The evolution of surface roughness in epitaxial Si0.7Ge0.3 alloys grown on Si(001) as a function of temperature (200-600 °C), thickness (t=7.5-100 nm), and substrate miscut were investigated by atomic force microscopy and quantified in terms of the height-difference correlation fonction G(ρ), in which ρ is lateral distance and [G(ρ→∞)]1/2 is proportional to the surface width. The films were deposited by ultrahigh vacuum ion-beam sputter deposition at 0.1 nm s-1. Strain-induced surface roughening was found to dominate in alloys grown on singular Si(001) substrates at Ts≳450 °C where [G(ρ→∞)]1/2 initially increases with increasing t through the formation of coherent islanding. The islands are preferentially bounded along 〈100〉 directions and exhibit 105 faceting. This tendency is enhanced, with much better developed 〈100〉 islands separated by deep trenches - of interest for growth of self-assembled nanostructures - in films grown on Si(001)-4°. Increasing the film thickness above critical values for strain relaxation leads to island coalescence and surface smoothening. At very low growth temperatures (Ts≤250 °C), film surfaces roughen kinetically, due to limited adatom diffusivity, but at far lower rates than in the higher-temperature strain-induced regime. Si0.7Ge0.3 alloy surfaces are smoother, while the films exhibit larger critical epitaxial thicknesses, than those of pure Si films grown in this temperature regime. There is an intermediate growth temperature range, however, over which the alloy film surfaces remain extremely smooth even at thicknesses near critical values for strain relaxation. This latter result is of potential importance for device fabrication.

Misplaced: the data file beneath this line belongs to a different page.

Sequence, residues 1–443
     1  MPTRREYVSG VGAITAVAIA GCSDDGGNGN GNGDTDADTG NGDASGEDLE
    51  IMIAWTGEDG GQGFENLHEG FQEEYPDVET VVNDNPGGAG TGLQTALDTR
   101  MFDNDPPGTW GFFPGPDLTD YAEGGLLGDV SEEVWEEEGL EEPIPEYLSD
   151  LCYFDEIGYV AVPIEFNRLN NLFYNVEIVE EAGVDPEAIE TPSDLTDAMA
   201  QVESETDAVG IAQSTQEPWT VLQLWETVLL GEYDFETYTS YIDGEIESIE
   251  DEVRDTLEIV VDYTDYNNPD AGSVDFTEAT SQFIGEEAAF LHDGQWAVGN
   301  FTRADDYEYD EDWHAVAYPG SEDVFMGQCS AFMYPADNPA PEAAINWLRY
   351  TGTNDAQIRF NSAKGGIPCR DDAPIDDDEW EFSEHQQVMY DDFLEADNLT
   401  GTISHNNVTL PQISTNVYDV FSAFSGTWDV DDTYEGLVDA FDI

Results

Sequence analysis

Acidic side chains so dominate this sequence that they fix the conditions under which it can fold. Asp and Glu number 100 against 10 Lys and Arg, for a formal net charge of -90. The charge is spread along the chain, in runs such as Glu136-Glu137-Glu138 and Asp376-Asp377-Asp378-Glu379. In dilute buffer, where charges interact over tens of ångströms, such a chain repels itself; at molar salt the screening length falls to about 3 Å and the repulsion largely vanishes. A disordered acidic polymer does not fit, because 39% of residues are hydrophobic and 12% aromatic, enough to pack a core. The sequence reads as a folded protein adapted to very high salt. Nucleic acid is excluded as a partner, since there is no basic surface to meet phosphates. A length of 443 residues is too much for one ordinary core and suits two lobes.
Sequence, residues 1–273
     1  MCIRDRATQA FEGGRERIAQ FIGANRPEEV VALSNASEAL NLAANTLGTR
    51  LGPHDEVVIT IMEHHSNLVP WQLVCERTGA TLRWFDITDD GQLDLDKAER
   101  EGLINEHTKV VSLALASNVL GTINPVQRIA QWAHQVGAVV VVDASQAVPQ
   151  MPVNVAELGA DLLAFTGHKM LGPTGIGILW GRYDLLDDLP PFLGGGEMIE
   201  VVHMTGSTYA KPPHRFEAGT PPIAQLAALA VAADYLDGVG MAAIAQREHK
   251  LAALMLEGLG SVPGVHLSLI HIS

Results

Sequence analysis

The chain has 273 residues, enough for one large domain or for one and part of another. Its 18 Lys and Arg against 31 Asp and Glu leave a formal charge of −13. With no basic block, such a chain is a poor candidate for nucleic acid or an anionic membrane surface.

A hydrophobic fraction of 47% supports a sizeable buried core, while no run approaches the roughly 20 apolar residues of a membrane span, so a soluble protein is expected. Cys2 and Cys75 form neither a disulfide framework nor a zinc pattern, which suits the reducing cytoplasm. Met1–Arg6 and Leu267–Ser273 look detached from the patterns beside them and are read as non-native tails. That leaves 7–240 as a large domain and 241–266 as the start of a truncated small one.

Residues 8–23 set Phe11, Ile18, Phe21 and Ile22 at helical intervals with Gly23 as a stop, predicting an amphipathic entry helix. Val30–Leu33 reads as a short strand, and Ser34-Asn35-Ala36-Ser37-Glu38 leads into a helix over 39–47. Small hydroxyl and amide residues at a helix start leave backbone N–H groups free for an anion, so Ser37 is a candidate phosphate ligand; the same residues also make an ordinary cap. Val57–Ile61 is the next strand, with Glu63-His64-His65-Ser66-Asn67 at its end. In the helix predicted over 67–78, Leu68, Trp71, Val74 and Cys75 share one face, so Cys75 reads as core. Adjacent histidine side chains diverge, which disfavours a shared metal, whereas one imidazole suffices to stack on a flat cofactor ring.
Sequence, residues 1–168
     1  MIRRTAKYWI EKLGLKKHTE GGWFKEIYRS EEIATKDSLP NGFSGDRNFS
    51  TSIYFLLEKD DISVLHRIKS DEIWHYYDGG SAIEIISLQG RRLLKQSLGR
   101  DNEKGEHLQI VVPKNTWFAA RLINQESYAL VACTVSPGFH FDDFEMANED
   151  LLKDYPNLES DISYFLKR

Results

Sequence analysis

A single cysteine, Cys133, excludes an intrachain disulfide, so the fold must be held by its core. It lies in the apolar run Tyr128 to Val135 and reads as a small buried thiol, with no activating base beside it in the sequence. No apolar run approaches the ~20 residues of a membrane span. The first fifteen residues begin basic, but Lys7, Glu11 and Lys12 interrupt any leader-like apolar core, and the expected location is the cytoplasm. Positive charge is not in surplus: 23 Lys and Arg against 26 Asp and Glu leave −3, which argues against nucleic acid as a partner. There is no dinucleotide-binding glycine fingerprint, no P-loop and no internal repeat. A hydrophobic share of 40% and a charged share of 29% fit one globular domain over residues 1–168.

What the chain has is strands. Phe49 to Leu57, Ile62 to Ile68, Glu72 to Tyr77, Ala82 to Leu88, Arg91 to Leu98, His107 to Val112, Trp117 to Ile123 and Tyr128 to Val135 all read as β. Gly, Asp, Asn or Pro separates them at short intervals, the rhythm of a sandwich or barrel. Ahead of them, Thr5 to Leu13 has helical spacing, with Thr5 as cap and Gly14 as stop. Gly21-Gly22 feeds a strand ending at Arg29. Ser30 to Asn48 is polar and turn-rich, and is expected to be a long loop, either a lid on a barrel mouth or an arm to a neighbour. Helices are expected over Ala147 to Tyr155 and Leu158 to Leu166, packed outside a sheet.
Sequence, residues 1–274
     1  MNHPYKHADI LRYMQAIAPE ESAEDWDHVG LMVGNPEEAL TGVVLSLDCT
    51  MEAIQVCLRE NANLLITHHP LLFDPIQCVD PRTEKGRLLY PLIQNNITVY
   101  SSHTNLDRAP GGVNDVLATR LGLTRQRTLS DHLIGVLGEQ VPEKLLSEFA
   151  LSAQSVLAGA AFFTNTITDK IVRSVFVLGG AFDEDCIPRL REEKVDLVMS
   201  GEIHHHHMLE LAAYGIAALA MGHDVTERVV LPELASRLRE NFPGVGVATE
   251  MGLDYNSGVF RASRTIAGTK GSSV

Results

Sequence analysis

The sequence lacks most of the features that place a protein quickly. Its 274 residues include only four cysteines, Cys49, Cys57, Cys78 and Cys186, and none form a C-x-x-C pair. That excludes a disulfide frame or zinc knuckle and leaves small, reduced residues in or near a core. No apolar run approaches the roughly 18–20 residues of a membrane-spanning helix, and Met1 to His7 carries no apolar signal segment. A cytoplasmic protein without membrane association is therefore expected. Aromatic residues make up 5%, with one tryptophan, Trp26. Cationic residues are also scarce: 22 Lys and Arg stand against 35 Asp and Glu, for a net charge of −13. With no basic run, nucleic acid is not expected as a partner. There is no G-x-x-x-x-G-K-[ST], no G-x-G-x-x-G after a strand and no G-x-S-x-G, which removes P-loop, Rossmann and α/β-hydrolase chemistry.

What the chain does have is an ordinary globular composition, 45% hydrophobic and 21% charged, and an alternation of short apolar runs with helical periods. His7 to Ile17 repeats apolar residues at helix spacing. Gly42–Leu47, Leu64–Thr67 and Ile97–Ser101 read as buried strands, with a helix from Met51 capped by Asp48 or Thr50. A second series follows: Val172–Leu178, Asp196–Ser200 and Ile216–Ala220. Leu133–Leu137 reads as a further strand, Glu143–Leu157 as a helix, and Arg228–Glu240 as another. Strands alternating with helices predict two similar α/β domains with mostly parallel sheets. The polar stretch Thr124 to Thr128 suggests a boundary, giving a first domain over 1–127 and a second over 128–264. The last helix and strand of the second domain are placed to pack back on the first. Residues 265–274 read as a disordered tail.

ASJC Scopus subject areas
- Physics and Astronomy(all)